Out at sea the winds are near gale force from the north and northeast. Coral and I are holed up again, anchored in a just-sheltered bay in the beautiful Lough Swilly, a few miles west of Malin Head on the north Irish coast.

Yesterday I had a really lovely sail from Aranmore, with interesting bits of close pilotage between islands and mainly calm passages past Bloody Foreland and Horn Head with the rather spectacular Tory Island in the distance. Bloody Foreland has a profile I think is unique among headlands, a long slope down from the peak of Bloody Hill to sea level, where a small, almost inconsequential lightbeacon, marks the end, although reefs extend out to sea. The name comes, not from some historical massacre, but from the much-admired pink hue that the sunset gives to the granite rocks. Tory Island sits askew on the horizon, a chunk of rock thrown up by ancient geological forces at an angle to the sea. As we ambled along the coast I enjoyed watching a flock of gannets hurtling from on high as they dived for fish; fulmars, with their particular stiff-winged flight, chasing each other low over the sea, disappearing in the troughs between waves; and terns with long and slender wings flying delicately as if not wanting to disturb the air around them too much.

I arrived in Lough Swilly yesterday evening before the evening forecast and in good time to make plans for the following day. I examined the charts and the tide times, and decided that the best course would be to sail straight across to Port Ellen on Islay–a long trip but do-able in the fresh north to northwest winds I was expecting. When I checked the shipping forecast at Met Eireann and the UK Met Office before I turned in I became more cautious. Maybe the winds would be more than fresh. And when I checked again at six in the morning it was clear I had to change my plans. A depression was winding itself up and hanging around over the Irish Sea, and near gale-force northeasterly winds were forecast.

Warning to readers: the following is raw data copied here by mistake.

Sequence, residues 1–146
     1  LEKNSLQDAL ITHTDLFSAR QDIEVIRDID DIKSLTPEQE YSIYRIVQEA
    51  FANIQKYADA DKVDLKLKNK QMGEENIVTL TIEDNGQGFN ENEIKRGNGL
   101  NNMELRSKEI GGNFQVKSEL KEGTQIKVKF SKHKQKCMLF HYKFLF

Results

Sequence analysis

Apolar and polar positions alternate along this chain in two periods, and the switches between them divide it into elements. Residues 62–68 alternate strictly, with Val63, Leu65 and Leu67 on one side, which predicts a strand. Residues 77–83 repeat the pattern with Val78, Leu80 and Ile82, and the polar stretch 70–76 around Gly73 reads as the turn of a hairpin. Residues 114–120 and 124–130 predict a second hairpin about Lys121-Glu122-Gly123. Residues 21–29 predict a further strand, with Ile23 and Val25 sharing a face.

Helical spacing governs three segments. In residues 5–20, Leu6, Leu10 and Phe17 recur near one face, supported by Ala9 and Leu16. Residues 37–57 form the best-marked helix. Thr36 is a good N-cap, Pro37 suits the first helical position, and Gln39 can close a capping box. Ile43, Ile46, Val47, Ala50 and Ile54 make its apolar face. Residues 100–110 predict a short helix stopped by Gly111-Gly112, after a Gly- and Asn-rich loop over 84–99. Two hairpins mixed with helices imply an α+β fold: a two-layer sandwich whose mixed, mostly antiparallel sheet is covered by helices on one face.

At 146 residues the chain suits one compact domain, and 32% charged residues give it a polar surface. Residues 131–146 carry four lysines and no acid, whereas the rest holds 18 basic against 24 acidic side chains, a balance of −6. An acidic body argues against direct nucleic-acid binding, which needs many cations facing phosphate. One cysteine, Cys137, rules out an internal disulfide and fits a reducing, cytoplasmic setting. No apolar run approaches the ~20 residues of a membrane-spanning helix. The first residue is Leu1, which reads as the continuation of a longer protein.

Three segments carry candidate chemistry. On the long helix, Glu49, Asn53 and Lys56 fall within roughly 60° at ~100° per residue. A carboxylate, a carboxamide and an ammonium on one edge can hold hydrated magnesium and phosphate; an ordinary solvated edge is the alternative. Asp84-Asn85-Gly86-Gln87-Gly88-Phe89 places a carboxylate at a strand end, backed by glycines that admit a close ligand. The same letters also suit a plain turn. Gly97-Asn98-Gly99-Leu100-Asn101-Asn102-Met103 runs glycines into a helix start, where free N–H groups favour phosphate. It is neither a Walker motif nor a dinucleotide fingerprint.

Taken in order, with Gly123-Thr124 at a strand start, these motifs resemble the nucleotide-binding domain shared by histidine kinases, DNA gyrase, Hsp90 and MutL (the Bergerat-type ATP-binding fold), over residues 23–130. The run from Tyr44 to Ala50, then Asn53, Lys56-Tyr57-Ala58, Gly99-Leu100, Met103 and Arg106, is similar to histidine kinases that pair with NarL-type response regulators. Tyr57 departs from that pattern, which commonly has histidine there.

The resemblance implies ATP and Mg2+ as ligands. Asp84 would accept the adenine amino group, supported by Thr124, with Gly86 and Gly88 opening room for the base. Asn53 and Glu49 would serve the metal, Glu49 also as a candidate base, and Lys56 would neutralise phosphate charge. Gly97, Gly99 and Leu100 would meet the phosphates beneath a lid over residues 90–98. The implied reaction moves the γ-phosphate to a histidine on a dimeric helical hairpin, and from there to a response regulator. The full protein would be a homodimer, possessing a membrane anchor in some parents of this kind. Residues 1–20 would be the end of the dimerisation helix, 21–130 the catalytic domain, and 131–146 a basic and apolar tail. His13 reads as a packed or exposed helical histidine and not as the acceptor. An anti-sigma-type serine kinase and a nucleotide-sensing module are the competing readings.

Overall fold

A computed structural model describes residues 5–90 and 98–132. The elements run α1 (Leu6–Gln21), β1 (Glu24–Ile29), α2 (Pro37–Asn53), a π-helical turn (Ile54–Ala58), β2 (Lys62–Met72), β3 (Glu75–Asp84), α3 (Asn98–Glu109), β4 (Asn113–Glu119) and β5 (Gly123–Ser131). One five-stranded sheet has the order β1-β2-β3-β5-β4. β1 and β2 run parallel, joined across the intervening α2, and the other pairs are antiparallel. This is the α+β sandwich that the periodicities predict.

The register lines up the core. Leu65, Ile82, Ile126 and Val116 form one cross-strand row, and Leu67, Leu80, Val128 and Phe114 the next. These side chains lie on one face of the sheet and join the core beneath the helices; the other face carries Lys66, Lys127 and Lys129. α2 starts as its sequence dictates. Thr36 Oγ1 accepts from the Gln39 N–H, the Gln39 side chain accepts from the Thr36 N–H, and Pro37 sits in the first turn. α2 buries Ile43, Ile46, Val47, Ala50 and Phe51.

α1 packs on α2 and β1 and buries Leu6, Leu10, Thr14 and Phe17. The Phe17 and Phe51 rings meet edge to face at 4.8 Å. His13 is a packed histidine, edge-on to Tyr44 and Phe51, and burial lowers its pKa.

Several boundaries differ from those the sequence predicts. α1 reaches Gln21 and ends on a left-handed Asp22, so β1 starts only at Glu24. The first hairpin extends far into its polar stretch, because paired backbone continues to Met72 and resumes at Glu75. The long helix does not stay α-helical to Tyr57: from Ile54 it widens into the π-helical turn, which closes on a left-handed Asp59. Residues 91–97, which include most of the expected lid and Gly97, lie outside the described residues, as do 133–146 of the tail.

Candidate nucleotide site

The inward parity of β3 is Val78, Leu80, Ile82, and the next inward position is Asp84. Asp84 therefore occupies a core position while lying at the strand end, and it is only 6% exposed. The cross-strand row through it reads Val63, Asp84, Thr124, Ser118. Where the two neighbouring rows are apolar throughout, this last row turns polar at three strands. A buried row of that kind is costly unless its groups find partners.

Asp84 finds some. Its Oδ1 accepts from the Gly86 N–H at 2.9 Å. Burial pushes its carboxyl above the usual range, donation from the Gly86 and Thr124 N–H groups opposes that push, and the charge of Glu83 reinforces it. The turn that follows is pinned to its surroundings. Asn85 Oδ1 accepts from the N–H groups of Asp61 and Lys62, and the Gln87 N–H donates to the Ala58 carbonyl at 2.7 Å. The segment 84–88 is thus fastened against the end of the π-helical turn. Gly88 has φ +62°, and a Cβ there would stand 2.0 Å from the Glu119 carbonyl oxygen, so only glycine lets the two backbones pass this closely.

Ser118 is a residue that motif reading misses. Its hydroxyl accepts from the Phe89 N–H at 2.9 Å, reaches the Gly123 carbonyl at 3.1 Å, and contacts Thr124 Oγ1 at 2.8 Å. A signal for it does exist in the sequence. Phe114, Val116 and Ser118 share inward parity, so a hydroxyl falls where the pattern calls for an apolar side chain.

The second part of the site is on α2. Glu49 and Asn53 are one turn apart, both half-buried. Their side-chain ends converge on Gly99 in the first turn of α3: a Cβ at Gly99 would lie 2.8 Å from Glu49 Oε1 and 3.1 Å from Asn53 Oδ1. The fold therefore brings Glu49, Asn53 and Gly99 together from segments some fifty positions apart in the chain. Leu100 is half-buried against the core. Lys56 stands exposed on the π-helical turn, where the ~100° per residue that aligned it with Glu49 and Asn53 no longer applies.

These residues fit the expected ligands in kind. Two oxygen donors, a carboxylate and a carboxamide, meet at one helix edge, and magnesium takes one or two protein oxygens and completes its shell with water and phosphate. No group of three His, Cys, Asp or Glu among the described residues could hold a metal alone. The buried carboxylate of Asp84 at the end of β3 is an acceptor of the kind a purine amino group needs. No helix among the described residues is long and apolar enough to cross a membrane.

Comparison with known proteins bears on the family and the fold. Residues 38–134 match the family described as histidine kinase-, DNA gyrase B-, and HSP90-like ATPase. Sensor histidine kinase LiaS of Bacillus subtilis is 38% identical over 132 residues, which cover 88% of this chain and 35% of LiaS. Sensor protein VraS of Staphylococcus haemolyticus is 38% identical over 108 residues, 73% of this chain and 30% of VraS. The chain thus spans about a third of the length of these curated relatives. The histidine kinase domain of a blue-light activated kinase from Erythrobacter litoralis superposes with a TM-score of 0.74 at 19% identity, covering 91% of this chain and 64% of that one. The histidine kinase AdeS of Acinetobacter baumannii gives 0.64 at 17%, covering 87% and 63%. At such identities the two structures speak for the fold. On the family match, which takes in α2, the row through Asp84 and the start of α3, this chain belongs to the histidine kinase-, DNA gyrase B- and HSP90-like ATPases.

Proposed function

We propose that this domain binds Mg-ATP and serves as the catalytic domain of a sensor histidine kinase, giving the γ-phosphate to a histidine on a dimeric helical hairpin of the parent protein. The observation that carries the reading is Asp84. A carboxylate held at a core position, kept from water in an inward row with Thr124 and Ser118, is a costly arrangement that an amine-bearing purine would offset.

The anchorage at Portsalon had been fine overnight, but as the winds veered from northwest and started blowing into the entrance to the Lough, it was clearly going to be untenable, so I moved across to the eastern side where the high rocky promontory of Dunree Head provides shelter from the wind and the immediate impact of the waves. But it doesn’t stop the swell rolling around the corner. Coral swings this way then that, sometime lying to the stream, sometimes to the wind, rocking and pitching. We are safe here, but not very comfortable. If the wind backs northwesterly tomorrow I may have to move back to Portsalon.

It is easy to think I should be doing something. The obvious choice is to motor the ten miles up the Lough to the marina there. But it looks horrible, all concrete breakwaters set in mudflats; and anyway, I hate the prospect of taking Coral single-handed into a marina in high winds.

No, I have to just sit it out. There is nowhere else more sheltered. This is part of sailing, part of being on the edge and so part of why I am here. The Atlantic ocean and its weather systems is doing its thing, and I am obliged to join on its terms. This is, I believe, the kind of humility we all have to learn if we are to live successfully on the planet (I think this is true but I am not sure how to say it without sounding moralistic; and maybe it is OK to be moralistic).

So I am stuck in Lough Swilly for a day or two. I would rather be stuck here than stuck in the 120 car pile up on the Sheppey bridge (today’s Guardian). And looking outside, the world is still beautiful: the evening sunlight throws the cliffs into relief, big fluffy cumulus are chasing across a bright blue sky. I can even enjoy the sight of waves breaking across the Lough beyond the headland, and the restless water around me. Guillemots are swimming around the boat, calling to each other; and, treat of the day, this morning two ravens flew acrobatically along the cliff face just at the moment I was there to see them.